Extending Sitecore using serverless architectures
Our universe is expanding, literally. But that also goes for both the Sitecore topology and the Azure stack. In this blog I want to take you on a trip through our Cloud galaxy to show you how you can manage this increased complexity and how you can leverage the potential of these new Azure services in your Sitecore implementations.
We know Cloud is gaining ground and the Azure stack is being adopted more and more — which means the micro-services approach of Sitecore’s architecture that enhances separation of concern, allowing for better maintainability and scalability, could also find its way into our implementations. And on top of that, we have seen that these architectural principles are applicable more than ever, with the announcement of Sitecore SaaS. And the independence of your implementation onto a core product simplifies upgrading too. I think serverless architectures will play an important role in this in the (near) future. So how can we leverage all these new capabilities, stepping away from implementing Sitecore solely from a monolithic perspective? And what are the benefits and caveats of this approach?
In the talk I did on Symposium this year I demonstrated how to build features on top of Sitecore using Functions-as-a-Service (FaaS) and other serverless components, while discussing the use and applicability of such services in our application landscapes.
Our goal is to look past simply deploying Sitecore ‘out of the box’, exploring the use of serverless Azure services, and adopting the Cloud way of thinking when building an application
Our habit is to write software to install on top of the Web App of Sitecore (like Content Delivery and Management roles and xConnect). But you can also extend Sitecore in other ways, which even might fit its architecture better. Sitecore already separates functionality in its architecture and infrastructure. Think xConnect, Sitecore Identity, Cortex and the separate Publishing Service you can install. Also Sitecore Host wonderfully demonstrates that Sitecore is encouraging you to think this way. Additionally, splitting functionality into different services is the perfect opportunity for you to cherry pick what you actually need from Sitecore, and scale up or out the services you use more intensively.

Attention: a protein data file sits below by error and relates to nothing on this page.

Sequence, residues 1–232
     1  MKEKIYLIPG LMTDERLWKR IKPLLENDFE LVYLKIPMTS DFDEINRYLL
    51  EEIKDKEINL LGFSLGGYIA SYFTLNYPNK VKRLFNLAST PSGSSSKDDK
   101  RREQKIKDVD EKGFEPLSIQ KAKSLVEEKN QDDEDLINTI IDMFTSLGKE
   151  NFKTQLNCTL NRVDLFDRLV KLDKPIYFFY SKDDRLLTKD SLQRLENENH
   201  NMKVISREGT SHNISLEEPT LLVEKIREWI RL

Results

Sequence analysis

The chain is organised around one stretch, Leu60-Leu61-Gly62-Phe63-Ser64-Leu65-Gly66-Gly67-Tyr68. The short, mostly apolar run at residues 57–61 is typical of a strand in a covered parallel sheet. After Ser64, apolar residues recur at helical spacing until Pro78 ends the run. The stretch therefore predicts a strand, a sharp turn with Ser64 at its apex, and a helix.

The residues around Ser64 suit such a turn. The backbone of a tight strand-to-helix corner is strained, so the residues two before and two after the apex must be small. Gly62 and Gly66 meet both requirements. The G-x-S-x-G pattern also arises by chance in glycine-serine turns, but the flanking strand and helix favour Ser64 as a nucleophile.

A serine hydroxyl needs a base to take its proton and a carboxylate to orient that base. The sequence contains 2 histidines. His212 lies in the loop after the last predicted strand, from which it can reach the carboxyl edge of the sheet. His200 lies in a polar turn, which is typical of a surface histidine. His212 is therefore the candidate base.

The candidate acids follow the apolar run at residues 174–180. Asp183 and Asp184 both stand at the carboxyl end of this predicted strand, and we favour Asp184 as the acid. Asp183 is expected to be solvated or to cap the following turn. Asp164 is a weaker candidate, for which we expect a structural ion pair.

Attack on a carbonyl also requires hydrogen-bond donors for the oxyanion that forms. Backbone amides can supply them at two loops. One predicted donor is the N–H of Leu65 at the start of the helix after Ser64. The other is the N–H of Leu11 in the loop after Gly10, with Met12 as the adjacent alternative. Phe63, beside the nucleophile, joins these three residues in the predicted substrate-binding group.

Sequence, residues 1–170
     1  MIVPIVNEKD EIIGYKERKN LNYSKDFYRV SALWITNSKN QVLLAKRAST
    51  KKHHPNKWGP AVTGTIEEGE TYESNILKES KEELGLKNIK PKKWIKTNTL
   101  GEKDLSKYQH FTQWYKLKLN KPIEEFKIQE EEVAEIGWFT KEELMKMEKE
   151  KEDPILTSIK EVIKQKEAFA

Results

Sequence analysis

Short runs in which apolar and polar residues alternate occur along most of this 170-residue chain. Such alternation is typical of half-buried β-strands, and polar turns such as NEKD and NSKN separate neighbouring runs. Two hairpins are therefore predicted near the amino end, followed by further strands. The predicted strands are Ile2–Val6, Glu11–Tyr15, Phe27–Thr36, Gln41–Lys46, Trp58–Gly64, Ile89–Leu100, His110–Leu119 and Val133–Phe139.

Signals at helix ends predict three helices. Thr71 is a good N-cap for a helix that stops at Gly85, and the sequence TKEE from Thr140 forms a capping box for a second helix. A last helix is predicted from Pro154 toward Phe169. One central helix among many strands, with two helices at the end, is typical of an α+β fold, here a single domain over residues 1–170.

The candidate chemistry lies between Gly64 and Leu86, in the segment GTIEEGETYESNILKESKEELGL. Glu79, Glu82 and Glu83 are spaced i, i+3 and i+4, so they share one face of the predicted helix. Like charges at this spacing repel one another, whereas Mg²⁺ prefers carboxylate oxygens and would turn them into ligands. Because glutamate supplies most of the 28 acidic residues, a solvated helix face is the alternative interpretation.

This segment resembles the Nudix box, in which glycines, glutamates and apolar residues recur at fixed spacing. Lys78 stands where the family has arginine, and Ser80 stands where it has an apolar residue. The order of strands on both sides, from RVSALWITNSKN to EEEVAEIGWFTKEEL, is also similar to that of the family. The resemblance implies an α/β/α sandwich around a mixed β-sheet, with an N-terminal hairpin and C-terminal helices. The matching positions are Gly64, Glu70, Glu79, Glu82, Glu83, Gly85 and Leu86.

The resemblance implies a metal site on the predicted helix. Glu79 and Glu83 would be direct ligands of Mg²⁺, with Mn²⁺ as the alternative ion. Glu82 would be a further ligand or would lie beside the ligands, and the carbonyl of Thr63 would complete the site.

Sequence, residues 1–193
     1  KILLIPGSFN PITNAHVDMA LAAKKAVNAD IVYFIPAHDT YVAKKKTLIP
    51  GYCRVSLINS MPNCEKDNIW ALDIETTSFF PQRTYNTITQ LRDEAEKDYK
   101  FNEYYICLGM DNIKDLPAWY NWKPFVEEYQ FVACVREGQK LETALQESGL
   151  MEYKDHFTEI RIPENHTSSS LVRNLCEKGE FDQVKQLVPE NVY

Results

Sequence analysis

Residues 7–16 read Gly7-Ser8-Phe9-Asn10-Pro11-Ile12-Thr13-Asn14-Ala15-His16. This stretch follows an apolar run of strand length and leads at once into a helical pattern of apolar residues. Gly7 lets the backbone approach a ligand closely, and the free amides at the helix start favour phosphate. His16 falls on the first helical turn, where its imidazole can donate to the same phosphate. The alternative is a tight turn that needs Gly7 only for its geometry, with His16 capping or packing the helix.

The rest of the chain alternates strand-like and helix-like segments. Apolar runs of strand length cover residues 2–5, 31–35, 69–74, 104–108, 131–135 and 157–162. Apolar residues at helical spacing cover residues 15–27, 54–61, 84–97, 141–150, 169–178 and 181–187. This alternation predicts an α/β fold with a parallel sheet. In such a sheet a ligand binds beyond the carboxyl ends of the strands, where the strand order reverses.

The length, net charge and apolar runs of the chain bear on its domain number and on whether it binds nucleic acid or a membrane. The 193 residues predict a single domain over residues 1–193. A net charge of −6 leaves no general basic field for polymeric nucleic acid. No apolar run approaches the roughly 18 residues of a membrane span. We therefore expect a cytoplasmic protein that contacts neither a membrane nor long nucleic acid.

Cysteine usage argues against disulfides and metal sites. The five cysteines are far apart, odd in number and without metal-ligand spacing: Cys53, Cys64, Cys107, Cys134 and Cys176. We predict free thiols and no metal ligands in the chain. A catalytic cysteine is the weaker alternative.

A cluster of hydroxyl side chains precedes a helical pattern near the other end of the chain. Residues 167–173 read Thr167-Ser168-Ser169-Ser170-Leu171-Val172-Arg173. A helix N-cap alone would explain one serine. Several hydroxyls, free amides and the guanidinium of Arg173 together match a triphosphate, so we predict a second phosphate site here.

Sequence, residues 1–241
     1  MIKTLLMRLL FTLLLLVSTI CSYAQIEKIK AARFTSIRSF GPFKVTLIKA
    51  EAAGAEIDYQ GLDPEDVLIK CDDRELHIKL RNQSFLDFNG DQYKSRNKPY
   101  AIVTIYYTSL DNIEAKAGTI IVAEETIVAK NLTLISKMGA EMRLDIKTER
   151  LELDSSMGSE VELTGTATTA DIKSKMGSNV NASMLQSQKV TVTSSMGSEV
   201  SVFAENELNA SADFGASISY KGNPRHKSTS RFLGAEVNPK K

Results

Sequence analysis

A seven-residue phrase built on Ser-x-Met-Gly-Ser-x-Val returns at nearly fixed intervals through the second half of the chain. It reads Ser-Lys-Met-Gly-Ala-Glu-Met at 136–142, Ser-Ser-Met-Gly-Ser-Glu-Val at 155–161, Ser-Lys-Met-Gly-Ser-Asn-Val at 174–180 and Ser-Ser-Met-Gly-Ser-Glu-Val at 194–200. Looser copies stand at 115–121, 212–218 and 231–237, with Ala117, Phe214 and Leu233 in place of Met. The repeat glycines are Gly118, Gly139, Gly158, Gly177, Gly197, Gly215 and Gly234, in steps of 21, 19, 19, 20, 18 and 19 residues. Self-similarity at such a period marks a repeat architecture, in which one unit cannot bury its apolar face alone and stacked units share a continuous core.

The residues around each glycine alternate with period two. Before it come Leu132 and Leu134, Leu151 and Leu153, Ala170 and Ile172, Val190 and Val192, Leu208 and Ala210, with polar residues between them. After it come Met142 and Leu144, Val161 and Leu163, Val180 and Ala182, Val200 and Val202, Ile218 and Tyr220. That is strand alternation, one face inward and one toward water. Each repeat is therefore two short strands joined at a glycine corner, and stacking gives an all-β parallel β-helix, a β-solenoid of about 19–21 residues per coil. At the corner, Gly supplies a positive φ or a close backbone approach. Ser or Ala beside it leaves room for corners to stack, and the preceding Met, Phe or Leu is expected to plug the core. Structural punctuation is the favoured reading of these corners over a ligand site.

Serverless or FaaS more specifically, is the next level of abstraction in Cloud offerings. There is however an important difference to its predecessors. Where the steps from on premises to IaaS, and then to PaaS, changed the way how we deploy. Going serverless actually changes how we develop. There’s a multitude of tools at your disposal, and as a developer you need to have a good understanding of their architecture, benefits and applicability:
What defines serverless?
Azure Functions is the serverless computing service of Azure that lets you run a class in the Cloud separately, only running it when you need it. But serverless is actually more than only using Functions. It’s the architecture of using multiple micro-service-like technologies, and different storage types, all being fully stateless and solely event-triggered. Those two characteristics are very important and form the base of any serverless architecture.
The benefits of serverless architectures
Some of the most important benefits of this approach to designing applications are:
- Scalability, both up and out, or in terms of cherry picking what you need.
- A higher level of abstraction of functions, leading to better re-use.
- Separation of Concern / Isolation of features, functions and services.
- Releasing packages or functionality separately supports working Agile.
- Functions only run when you need them, saving costs!
Cons of working serverless
However, these features also have a potential downside. Serverless isn’t freeing you from dependencies, it even becomes less apparent to manage, so organization is key:
- Complexity: potential maze of dependencies – be sure to not break compatibility when updating a single node.
- You sometimes experience a bit of latency due to frequent cold starts.
- Requires developers to have notion of resource usage and design.